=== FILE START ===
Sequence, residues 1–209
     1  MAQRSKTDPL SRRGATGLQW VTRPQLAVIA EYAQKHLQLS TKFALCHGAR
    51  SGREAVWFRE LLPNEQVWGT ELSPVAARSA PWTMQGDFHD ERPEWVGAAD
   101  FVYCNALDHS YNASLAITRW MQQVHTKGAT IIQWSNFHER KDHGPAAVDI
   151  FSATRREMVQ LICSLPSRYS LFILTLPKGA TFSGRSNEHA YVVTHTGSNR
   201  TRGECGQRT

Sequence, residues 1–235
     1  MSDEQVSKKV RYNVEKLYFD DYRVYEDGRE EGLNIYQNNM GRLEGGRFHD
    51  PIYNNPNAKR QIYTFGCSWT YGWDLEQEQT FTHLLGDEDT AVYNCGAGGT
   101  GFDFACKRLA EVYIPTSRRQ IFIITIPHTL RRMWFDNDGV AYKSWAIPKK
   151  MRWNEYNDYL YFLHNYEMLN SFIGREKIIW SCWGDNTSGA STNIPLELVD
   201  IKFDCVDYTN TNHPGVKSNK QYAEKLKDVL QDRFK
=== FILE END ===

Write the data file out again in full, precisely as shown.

Sequence, residues 1–209
     1  MAQRSKTDPL SRRGATGLQW VTRPQLAVIA EYAQKHLQLS TKFALCHGAR
    51  SGREAVWFRE LLPNEQVWGT ELSPVAARSA PWTMQGDFHD ERPEWVGAAD
   101  FVYCNALDHS YNASLAITRW MQQVHTKGAT IIQWSNFHER KDHGPAAVDI
   151  FSATRREMVQ LICSLPSRYS LFILTLPKGA TFSGRSNEHA YVVTHTGSNR
   201  TRGECGQRT

Sequence, residues 1–235
     1  MSDEQVSKKV RYNVEKLYFD DYRVYEDGRE EGLNIYQNNM GRLEGGRFHD
    51  PIYNNPNAKR QIYTFGCSWT YGWDLEQEQT FTHLLGDEDT AVYNCGAGGT
   101  GFDFACKRLA EVYIPTSRRQ IFIITIPHTL RRMWFDNDGV AYKSWAIPKK
   151  MRWNEYNDYL YFLHNYEMLN SFIGREKIIW SCWGDNTSGA STNIPLELVD
   201  IKFDCVDYTN TNHPGVKSNK QYAEKLKDVL QDRFK